John P. Forman, Lieneke Scheven, Paul E. de Jong, Stephan J.L. Bakker, Gary C. Curhan, Ron T. Gansevoort. “Association Between Sodium Intake and Change in Uric Acid, Urine Albumin Excretion, and the Risk of Developing Hypertension.” Circulation. 2012;125:3108-3116.
Snacking on raisins three times a day may significantly lower post-meal glucose levels.
Johns Hopkins University (USA) researchers have discovered that a single protein molecule may turn cardiac stem cells into blood vessels or muscle tissue.
TV remote controls and housekeeping cart supplies top the list of most heavily contaminated items in hotels.
Plant compounds from the South African daffodil flower may in time be used to treat depression.
Omega-3 fatty acid supplements can lower inflammation in healthy, but overweight, middle-aged and older adults.
Not only may a high salt diet bring on high blood pressure, Netherlands researchers report that excessive salt intake may lead to damage to blood vessels.
The dressing you choose to top your salad may affect how effectively your body absorbs nutrients from the greens.
People with diabetes experienced significantly worse cognitive decline over a 9-year period, and higher HbA1c further contributed to the impairments.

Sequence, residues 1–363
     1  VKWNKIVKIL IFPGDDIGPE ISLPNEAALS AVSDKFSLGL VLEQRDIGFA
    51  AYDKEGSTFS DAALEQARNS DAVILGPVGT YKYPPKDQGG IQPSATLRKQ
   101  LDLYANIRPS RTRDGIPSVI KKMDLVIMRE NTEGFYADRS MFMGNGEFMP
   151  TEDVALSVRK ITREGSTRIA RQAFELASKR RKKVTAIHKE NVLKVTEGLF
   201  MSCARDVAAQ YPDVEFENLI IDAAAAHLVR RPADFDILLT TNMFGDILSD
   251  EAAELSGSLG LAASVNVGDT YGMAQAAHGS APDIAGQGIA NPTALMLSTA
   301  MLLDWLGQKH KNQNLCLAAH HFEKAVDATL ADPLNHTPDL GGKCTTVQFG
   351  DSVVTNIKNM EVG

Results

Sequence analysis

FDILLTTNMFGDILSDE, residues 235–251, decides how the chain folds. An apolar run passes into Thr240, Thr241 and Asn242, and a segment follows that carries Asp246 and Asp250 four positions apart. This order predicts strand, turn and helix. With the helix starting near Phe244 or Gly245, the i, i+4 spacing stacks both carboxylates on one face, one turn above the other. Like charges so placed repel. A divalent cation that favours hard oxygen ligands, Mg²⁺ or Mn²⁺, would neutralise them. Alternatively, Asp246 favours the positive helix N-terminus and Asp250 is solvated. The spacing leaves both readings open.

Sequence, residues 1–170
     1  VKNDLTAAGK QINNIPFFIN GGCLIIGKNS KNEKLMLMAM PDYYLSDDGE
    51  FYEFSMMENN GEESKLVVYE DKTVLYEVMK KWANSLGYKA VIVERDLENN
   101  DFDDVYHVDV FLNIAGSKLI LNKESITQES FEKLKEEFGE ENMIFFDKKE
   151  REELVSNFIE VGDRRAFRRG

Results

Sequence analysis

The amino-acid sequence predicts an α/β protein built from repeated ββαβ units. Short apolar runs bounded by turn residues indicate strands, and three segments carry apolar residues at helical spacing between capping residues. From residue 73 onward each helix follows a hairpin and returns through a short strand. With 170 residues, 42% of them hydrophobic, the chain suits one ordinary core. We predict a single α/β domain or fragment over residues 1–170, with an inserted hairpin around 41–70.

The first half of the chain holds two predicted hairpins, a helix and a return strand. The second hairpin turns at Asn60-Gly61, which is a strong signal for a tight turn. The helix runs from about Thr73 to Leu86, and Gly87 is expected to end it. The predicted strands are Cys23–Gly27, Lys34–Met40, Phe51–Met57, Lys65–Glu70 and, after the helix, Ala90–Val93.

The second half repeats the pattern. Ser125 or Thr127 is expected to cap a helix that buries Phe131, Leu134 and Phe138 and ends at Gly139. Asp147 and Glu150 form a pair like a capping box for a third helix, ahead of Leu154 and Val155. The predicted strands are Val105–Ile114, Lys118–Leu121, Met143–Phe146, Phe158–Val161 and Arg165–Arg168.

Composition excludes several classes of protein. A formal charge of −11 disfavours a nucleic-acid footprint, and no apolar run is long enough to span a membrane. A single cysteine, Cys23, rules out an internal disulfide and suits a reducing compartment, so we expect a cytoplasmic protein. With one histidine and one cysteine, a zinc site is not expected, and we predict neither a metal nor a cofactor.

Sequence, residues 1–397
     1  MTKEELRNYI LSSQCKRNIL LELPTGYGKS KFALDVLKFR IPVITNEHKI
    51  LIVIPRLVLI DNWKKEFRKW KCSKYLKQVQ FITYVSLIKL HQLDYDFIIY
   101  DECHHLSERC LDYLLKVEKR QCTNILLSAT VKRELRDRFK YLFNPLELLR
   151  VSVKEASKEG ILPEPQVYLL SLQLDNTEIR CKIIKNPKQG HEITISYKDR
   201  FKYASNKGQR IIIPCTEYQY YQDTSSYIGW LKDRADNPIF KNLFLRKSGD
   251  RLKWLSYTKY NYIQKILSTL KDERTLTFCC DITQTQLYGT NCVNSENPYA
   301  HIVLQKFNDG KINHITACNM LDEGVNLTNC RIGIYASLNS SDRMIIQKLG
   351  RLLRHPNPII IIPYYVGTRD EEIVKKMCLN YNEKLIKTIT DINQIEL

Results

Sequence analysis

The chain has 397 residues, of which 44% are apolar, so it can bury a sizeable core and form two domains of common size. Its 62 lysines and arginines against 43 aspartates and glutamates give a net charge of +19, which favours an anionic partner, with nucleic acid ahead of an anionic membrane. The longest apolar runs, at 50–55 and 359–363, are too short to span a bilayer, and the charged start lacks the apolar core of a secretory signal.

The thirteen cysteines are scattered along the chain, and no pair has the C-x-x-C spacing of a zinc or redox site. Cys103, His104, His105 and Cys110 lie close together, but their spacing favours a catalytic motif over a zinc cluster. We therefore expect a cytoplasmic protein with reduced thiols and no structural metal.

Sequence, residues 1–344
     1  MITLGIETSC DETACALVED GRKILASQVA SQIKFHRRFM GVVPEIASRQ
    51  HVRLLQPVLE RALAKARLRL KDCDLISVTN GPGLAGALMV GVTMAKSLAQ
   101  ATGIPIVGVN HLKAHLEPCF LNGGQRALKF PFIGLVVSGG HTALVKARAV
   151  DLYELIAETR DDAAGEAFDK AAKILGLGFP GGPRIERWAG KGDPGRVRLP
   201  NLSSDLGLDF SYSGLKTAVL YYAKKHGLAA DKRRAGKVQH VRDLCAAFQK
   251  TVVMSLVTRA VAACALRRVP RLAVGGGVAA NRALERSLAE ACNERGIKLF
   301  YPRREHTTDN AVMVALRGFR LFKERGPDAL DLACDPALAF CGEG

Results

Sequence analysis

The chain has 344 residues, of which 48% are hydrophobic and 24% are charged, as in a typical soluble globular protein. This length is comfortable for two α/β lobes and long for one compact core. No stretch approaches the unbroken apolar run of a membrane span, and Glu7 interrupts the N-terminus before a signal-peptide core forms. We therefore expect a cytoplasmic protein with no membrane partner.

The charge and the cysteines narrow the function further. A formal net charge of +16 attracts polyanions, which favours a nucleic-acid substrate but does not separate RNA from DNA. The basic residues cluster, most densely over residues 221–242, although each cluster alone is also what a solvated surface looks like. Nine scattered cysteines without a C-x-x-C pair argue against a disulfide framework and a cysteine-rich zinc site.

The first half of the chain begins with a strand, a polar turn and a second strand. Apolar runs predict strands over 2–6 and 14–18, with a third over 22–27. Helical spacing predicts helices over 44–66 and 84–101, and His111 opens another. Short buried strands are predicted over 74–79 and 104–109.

Chinese seniors who practiced Tai Chi three times a week exhibited increases in brain volume and improvements on cognitive assessments.
People experiencing psychological stress may be at increased risk of a fatal cerebrovascular event.
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8. Bean-Nutty to Fight Cancer
A compound found in everyday foods can slow the development of cancerous tumors. A 2005 study conducted by scientists at the University College of London's Sackler Institute (United Kingdom) found that inositol pentakisphosphate, present in beans, nuts, and cereals, can inhibit an enzyme that is necessary for tumors to grow.
Each day, try to eat foods rich in inositol pentakisphosphate: 1 cup (226 gm) of beans (such as lentils and peas), 1⁄2 cup (113 gm) of nuts (almonds, and hazelnuts [filberts] are also good sources of Vitamin E - see Tip 31) and 6 ounces (170 gm) of whole-wheat cereals (for the wheat bran).